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Forget Omicron, will Long Covid be the real killer of commerce?

Diane Hall

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As the Omicron variant rampages across the news headlines as fast as it seems to be rampaging through the general public, everyone is braced for a rise in infections, a greater number of hospital admittances and the ensuing, unfortunate deaths we’ve come to bear from Covid.


By the time this article is published, lockdown 4.0 may be already in motion; at the moment, however, we’re in No Man’s Land. That period of uncertainty, where the Government is weighing up the risk to the economy and livelihoods from shutting everything down against the risk of unnecessary deaths if mixing is allowed to continue.


Businesses will no doubt be terrified at the moment, particularly smaller ones. A further loss of trade might kill some enterprises off altogether, unless Sunak reintroduces a financial cushion like before.

That said, many of the challenges businesses could face they’re already battling with—such as difficulties in attracting staff and ensuring continuity of their service.

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We are hiring on a board with a white wood background.

We are hiring on a board with a white wood background.

Recruitment was a real problem a few months ago, when many businesses were trying to keep up with demand as the country was once again allowed to operate (relatively) normally. For some sectors since then, the issue of recruitment has eased slightly; for others, it’s still no different.


The second point, ensuring continuity of service, is ongoing. Every single day, businesses have to plan how they’re going to get through that particular trading period…one or more of their staff members may be absent, having contracted Covid. On such short notice, it’s difficult to get different staff in to cover these absences. It’s perhaps fair that concessions are made by consumers/the public—businesses are trying to do the best they can under the circumstances.


The thought that this could be over at some point keeps most of us going. According to virus experts, the average life span of the average virus is around three years…so we could see the back end of Covid towards 2023. Even though that may seem a long time away—and even though we don’t know for sure that Covid will follow this life pattern—there’s the hope that this will all come to pass.


However…


Long Covid is often ignored, or even viewed as a mythical illness by some. And yet, the fallout from this syndrome could have an effect on businesses and how they run for many years to come—maybe even a long time past the life span of Covid.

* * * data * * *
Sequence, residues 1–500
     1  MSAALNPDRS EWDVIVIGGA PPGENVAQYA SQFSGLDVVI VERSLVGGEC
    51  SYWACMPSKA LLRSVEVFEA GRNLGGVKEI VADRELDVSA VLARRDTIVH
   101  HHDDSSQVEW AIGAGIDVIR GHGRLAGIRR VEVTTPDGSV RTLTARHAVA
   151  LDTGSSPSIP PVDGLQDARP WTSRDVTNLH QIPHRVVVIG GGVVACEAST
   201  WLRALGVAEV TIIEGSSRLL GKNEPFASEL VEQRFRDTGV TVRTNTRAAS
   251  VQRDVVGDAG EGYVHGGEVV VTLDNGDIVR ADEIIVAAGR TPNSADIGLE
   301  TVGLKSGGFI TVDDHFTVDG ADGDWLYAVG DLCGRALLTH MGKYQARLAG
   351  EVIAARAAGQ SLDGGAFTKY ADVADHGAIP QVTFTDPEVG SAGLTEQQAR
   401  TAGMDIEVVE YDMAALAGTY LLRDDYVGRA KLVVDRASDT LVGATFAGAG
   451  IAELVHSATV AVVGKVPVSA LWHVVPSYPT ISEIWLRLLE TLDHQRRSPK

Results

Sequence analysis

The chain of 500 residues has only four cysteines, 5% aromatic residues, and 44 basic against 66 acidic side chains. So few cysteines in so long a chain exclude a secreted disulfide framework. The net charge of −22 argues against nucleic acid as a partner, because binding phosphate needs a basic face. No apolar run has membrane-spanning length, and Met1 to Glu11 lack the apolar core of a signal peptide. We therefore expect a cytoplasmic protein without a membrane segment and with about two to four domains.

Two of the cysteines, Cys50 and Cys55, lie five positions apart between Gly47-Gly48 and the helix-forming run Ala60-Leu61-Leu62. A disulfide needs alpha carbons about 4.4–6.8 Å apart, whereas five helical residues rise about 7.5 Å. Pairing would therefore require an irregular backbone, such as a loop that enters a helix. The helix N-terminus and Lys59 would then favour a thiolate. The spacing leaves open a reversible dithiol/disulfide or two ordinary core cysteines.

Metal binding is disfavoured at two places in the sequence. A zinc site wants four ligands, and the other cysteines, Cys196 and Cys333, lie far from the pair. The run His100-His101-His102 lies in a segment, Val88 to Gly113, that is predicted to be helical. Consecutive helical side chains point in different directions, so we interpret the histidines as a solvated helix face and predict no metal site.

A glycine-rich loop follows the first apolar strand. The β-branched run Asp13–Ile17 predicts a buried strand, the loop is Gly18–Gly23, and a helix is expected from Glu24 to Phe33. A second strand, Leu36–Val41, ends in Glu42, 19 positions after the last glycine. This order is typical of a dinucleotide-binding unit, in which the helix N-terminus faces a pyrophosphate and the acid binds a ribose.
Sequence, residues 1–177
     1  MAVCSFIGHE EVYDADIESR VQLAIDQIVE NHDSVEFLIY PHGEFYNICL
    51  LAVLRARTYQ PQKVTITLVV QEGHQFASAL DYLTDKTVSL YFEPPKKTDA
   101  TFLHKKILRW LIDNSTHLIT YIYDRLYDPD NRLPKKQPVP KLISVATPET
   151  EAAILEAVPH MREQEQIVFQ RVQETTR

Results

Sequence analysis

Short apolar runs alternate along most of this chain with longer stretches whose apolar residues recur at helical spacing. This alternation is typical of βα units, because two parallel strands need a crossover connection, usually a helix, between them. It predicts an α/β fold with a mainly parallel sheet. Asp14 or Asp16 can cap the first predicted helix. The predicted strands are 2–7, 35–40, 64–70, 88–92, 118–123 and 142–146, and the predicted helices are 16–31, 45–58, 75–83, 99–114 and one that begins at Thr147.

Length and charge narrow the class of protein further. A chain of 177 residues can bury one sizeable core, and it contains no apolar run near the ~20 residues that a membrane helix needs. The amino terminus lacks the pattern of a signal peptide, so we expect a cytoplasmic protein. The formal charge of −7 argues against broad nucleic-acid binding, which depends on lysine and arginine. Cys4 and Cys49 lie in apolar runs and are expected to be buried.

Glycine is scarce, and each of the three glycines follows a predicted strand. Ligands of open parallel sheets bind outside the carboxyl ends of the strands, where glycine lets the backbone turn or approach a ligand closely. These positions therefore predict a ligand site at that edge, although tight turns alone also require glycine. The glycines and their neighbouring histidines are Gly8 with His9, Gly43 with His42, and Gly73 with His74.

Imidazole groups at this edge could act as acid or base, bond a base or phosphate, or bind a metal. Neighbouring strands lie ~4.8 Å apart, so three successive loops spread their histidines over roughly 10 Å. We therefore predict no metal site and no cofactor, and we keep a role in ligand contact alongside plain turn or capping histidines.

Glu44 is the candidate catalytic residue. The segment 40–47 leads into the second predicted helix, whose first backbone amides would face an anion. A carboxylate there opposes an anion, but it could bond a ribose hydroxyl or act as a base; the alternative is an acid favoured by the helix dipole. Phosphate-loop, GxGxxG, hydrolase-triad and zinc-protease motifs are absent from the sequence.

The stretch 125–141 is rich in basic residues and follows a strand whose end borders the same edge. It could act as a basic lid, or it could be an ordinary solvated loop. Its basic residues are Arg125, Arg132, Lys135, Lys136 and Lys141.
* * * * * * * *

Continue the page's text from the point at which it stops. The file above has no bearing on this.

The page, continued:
There are plenty of examples across the internet of immune system failures and chronic exhaustion episodes in people who contracted coronavirus at some point in the pandemic. Though they recovered from the initial attack of the virus, what they’ve been left with is much worse.

covid particle

covid particle

Following the pattern of other chronic illnesses, such as M.E. and fibromyalgia, the effects of Long Covid can be intermittent. On good days, those with Long Covid can do many of the things they’ve always done, such as go to work and have a social life. On bad days, however, the strength needed to simply get out of bed is beyond them. For any employer to plan around this is impossible when the sufferers themselves don’t know when they’ll undergo a fresh attack.


As with many chronic illnesses, there is no cure. At this point, we don’t know if this is the case for people diagnosed with Long Covid, but the impact it could potentially have on people’s businesses and individuals’ careers is something no one wants to think about.


In September 2021, the ONS estimated that more than half a million people in the UK could have Long Covid, i.e. symptoms appearing more than 12 weeks after their original Covid infection, which are ‘activity limiting’. There are conduits with this statement, of course, as data is being collected all the time and there are no absolutes yet concerning Long Covid.


The situation is very much ‘wait and see’…but after every blow and punch small businesses have taken from the coronavirus, they may not have the stamina to see this particular challenge out.

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